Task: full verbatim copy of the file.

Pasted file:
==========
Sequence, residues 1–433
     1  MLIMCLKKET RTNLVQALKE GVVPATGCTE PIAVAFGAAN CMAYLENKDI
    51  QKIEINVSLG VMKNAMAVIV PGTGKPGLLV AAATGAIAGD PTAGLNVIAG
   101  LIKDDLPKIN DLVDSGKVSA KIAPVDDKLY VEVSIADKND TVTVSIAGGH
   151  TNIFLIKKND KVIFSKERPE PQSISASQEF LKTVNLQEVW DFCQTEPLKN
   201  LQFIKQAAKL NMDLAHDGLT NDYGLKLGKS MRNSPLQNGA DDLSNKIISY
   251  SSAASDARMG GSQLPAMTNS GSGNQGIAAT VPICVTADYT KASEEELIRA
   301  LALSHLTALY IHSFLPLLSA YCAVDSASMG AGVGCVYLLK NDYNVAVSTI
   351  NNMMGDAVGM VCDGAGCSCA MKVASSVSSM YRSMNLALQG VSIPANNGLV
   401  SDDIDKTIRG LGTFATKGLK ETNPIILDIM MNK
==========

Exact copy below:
Sequence, residues 1–433
     1  MLIMCLKKET RTNLVQALKE GVVPATGCTE PIAVAFGAAN CMAYLENKDI
    51  QKIEINVSLG VMKNAMAVIV PGTGKPGLLV AAATGAIAGD PTAGLNVIAG
   101  LIKDDLPKIN DLVDSGKVSA KIAPVDDKLY VEVSIADKND TVTVSIAGGH
   151  TNIFLIKKND KVIFSKERPE PQSISASQEF LKTVNLQEVW DFCQTEPLKN
   201  LQFIKQAAKL NMDLAHDGLT NDYGLKLGKS MRNSPLQNGA DDLSNKIISY
   251  SSAASDARMG GSQLPAMTNS GSGNQGIAAT VPICVTADYT KASEEELIRA
   301  LALSHLTALY IHSFLPLLSA YCAVDSASMG AGVGCVYLLK NDYNVAVSTI
   351  NNMMGDAVGM VCDGAGCSCA MKVASSVSSM YRSMNLALQG VSIPANNGLV
   401  SDDIDKTIRG LGTFATKGLK ETNPIILDIM MNK